Concomitant Use of Sodium-Glucose Cotransporter 2 Inhibitors and Overactive Bladder Drugs and the Risk of Urinary Tract Infection.

Concomitant use of sodium glucose cotransporter-2 inhibitors (SGLT-2i) and overactive bladder (OAB) drugs potentially poses a risk of urinary tract infections (UTIs) due to the urinary retention of highly concentrated glucose in the urine. Thus, this study aimed to investigate the risk of UTIs among patients who initiated SGLT-2i treatment while taking OAB drugs. This population-based cohort study included new-users of SGLT-2i or comparator antidiabetics (dipeptidyl peptidase-4 inhibitor (DPP-4i); glucagon-like peptide-1 receptor agonist (GLP-1RA)) with OAB drugs between 2014 and 2020 using claim data from Korea. Primary outcome was a composite UTI event composite end point comprising pyelonephritis, cystitis, and urethritis, using both inpatient and outpatient diagnoses. Propensity score fine stratification was used to adjust for potential confounding factors. Weighted hazard ratios (HR) were calculated using the Cox proportional hazards model. In the first cohort, 796 and 9,181 new-users of SGLT-2i and DPP-4i with OAB drugs were identified, respectively. This study found a similar risk of UTIs in concomitant users of SGLT-2i and DPP-4i (weighted HR 1.08, 95% confidence interval: 0.88-1.32) with OAB drugs. In the second cohort, 2,387 and 280 new-users of SGLT-2i and GLP-1RA with OAB drugs were identified, respectively. Initiation of SGLT-2i while on OAB treatment was not associated with increased risk of UTI (0.89, 0.50-1.60), compared with initiation of GLP-1RA. These results show that the concomitant use of SGLT-2i with OAB drugs was not associated with an increased risk of UTI compared with the concomitant use of DPP-4i or GLP-1RA with OAB drugs.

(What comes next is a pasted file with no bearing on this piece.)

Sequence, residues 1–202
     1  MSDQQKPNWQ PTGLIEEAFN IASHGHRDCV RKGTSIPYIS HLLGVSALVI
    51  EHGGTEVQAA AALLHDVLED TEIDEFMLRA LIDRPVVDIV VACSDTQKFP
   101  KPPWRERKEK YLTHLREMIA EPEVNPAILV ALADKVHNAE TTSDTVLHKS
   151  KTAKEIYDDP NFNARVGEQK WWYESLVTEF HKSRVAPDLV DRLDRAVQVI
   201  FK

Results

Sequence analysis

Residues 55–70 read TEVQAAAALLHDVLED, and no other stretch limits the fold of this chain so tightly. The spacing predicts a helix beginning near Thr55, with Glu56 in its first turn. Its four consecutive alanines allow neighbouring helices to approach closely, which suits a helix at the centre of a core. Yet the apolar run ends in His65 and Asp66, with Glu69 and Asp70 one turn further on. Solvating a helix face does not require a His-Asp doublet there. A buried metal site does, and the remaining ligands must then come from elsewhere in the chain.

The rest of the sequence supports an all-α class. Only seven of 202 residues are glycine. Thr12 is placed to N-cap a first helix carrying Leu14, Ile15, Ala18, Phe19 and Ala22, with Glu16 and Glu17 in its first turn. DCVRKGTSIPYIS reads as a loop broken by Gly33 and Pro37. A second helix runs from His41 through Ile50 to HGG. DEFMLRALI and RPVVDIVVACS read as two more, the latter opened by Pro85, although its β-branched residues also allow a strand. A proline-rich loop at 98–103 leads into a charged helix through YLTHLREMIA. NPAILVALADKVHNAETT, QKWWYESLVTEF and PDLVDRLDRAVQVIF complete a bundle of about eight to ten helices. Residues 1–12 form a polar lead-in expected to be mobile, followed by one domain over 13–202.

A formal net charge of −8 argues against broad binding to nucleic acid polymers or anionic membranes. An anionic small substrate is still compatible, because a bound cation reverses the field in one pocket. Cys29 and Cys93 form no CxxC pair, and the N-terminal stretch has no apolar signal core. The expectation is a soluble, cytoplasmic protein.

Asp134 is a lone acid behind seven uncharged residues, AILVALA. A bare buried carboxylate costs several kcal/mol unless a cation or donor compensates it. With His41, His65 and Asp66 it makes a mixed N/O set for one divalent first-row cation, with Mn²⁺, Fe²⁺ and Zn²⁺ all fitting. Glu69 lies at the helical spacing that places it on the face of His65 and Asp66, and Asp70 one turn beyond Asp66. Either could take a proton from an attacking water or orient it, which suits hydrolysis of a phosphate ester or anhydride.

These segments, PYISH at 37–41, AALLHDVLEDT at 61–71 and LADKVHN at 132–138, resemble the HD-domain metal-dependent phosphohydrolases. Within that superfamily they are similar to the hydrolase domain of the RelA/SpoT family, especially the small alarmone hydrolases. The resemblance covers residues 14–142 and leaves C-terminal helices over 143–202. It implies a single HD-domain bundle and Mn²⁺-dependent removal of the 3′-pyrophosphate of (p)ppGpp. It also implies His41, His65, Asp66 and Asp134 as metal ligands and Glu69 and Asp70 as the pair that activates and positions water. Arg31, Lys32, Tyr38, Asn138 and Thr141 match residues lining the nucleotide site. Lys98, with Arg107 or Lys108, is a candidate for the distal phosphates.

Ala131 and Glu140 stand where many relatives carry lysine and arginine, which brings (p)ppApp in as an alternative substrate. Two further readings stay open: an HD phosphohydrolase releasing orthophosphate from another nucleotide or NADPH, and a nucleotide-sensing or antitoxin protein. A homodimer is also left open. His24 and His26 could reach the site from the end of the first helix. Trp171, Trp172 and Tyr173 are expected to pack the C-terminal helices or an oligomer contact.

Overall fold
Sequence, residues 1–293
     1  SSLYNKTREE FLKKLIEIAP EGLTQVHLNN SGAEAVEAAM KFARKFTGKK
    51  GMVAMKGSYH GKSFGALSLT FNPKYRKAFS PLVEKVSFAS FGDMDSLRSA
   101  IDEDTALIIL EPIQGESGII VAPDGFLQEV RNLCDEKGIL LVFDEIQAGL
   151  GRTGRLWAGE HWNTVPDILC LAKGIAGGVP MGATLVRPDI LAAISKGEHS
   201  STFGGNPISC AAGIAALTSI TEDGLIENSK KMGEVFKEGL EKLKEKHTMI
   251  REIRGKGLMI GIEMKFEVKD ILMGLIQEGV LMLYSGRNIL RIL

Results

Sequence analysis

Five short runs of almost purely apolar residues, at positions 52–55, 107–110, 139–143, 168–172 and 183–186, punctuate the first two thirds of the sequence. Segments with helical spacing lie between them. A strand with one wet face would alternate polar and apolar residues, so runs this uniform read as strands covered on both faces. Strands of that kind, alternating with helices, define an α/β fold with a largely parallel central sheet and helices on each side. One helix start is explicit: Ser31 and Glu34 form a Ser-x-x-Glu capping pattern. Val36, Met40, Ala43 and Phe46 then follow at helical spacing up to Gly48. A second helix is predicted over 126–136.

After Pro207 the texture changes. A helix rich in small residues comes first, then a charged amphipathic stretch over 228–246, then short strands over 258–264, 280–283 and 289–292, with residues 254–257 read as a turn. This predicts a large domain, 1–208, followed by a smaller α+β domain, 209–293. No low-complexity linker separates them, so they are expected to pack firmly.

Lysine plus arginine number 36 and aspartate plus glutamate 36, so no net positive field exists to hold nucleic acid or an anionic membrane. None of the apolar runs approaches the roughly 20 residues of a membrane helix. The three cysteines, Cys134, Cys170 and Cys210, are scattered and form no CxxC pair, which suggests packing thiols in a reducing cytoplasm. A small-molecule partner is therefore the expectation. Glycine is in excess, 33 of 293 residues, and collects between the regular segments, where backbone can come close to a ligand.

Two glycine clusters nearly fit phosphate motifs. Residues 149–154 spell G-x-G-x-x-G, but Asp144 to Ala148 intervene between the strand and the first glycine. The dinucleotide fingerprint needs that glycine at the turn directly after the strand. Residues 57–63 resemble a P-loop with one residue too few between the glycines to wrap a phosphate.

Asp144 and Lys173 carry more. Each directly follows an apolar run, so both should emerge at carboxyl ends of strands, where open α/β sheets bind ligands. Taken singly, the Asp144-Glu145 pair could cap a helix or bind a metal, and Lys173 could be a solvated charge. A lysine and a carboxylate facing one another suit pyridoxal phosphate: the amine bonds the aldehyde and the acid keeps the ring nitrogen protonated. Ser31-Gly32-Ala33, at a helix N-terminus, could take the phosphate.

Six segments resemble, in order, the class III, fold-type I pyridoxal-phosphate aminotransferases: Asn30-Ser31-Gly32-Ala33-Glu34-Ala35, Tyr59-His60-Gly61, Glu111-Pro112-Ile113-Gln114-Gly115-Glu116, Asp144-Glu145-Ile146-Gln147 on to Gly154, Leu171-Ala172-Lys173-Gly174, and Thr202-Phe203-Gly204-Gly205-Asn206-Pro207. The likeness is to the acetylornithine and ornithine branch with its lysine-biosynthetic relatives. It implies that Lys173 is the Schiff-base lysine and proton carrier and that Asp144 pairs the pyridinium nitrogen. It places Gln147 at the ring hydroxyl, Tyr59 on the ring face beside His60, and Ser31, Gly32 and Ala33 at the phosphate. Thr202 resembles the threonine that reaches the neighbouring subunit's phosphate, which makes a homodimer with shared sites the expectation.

Clinical pharmacology and therapeutics. 2024 Jan 29 [Epub ahead of print]

Sungho Bea, Hyesung Lee, Sohee Park, Young Min Cho, Won Suk Choi, Katsiaryna Bykov, Ju-Young Shin

School of Pharmacy, Sungkyunkwan University, Suwon, South Korea., Department of Internal Medicine, Seoul National University College of Medicine, Seoul, South Korea., Division of Infectious Diseases, Department of Internal Medicine, Korea University College of Medicine, Ansan Hospital, Ansan, South Korea., Division of Pharmacoepidemiology and Pharmacoeconomics, Department of Medicine, Brigham and Women's Hospital and Harvard Medical School, Boston, Massachusetts, USA.